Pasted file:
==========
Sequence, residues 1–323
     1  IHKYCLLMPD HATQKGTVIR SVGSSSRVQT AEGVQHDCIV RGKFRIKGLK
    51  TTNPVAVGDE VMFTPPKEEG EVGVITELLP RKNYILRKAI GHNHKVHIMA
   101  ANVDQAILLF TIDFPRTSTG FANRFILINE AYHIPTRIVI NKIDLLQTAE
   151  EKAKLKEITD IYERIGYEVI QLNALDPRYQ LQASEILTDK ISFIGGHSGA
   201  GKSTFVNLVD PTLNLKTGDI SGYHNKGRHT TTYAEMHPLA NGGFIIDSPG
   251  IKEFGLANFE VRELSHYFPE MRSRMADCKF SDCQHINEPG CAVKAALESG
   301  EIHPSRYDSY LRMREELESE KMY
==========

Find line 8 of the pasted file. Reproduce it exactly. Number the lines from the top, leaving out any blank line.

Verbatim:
   301  EIHPSRYDSY LRMREELESE KMY